Have you found a system that combines project management for teams as well as personal task management? If so, what system are you using?
I have working my way through some of the newer case options available for the iPad starting with my TouchFire review a few weeks ago. The next review up is for the innovative care Air Professional Case. Having used the case for a few weeks I have been pleased with it overall and quite impressed with the quality of construction and usability. The case is extremely flexible and professional in appearance and provides a good bit of protection for your iPad. Read on for more details.
- Professional appearance
- Durable construction
- Nice flexibility in viewing angles both for the lap top and on the desk top
- Interesting shoulder strap
- Cover that allows for picture taking even when folded back; eliminates the need to remove the iPad from the case to take pictures
- I am not a fan of cases that cover the top of the iPad
- The case itself sometimes impedes access to to down swipes and left-right/right-left swipes.
- A bit heavy for a non-plastic case
The first impression I had when I un-boxed the case was the quality construction. The material the case is made from is a rubber-like canvas that feels durable and high-quality. Unlike the TouchFire and other similar cases, the Air Professional holds the iPad with a fabric enclosure and a flap that slides between the back of the iPad and the back of the case. This is definitely a secure design, but one that has the potential of obscuring swipes from top to bottom and side to side. This is because the case’s fabric is fairly thick, and cropped tight right up to the edge of the screen. However, after using the case for a few days I became accustomed to this issue and easily adapted.
An interesting feature of the case is the included shoulder strap which turns the case into a very small briefcase. Additionally, the strap provides a way to keep the iPad around your neck as you do other things. A potential use that comes to mind are for care givers or photographers that use their iPad while they move around on the go. Not being a person that uses my iPad while standing or walking, the strap does not seem as useful. However, I am confident that many people would find value in this unique feature. The strap is not really a surprise given that Innovative Care also sells some pretty cool tablet bags as well.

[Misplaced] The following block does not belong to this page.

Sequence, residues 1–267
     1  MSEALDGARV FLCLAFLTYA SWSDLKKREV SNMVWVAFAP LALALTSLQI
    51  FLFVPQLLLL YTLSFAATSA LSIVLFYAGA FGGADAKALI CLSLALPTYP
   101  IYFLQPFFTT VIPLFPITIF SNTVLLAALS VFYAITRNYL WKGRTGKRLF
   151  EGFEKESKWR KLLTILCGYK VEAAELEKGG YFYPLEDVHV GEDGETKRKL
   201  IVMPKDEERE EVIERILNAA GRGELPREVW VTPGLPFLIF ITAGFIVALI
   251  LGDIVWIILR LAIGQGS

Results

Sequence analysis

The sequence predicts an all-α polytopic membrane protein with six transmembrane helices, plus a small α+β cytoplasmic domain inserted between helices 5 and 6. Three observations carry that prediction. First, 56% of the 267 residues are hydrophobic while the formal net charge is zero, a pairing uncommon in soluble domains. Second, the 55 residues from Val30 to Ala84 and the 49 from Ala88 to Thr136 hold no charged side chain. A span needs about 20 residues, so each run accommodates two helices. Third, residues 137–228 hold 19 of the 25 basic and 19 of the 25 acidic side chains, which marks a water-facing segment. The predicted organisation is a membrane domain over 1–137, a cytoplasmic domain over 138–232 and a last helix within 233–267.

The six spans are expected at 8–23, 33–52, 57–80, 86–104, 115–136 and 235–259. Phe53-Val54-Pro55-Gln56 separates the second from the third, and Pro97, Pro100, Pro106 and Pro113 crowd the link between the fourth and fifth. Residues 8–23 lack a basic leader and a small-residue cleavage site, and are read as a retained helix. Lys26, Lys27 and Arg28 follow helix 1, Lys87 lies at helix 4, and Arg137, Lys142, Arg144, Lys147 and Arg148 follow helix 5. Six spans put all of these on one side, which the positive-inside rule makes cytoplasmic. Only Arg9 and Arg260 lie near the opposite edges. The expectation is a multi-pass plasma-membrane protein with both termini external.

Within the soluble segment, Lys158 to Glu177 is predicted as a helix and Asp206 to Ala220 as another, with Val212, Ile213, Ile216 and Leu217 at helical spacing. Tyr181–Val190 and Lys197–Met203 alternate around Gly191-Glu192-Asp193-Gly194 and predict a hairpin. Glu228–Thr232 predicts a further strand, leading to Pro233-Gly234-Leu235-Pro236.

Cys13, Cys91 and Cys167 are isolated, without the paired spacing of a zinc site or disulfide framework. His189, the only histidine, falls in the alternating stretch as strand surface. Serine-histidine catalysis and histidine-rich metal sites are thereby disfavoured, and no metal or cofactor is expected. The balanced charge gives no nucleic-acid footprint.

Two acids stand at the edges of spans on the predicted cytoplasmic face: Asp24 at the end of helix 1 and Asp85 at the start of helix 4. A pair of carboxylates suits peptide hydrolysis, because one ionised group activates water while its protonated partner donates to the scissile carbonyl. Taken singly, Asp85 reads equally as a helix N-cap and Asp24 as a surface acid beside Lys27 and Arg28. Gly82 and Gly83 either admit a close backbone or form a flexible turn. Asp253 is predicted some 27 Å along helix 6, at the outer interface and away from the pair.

One of the coolest features has to be the cut out on the cover. I think of this feature as the “why didn’t someone think of this sooner” feature. The benefit is that you can take pictures without having to awkwardly hold the iPad with the cover hanging awkwardly, with the Professional can you simply flip the case back and snap away. In addition to the cover cutout, the Professional has the expected viewing angle options including for both lap and the table-top viewing. The method for both of these angles is a small flap on the back of the case, exactly like the original iPad 1. Not sophisticated or creative, but simple and effective.
Overall the Professional is a solid case with some unique features. At $59.99 the Professional is a bit pricey given that the TouchFire Case is $10 cheaper at $49.99. However, the Professional is a different animal with its professional appearance, shoulder strap and unique top cover cutout. Are these features worth the additional 10 bucks? It depends on what you value; the Professional will look great in the board room and provides plenty of useful features that make it a productive addition to your iPad. Take a look at their site and make the choice yourself.
Next, a review of some of the cool products offered on http://www.everythingtablet.com!
I have made the transition from Evernote to Onenote at work! Because my new employer does not allow Evernote I struggled with using the web version to leverage Evernote's cool new Reminders functionality. As you might imagine, this got tedious so I devolved back to Outlook Tasks and added Onenote because both apps fully integrate with Exchange. I am happy to report that with new updates to Onenote (v2.3 as of this writing) and its seamless Microsoft OneDrive integration; I can achieve Evernote-like productivity with Microsoft on my iPad! Read on to understand why.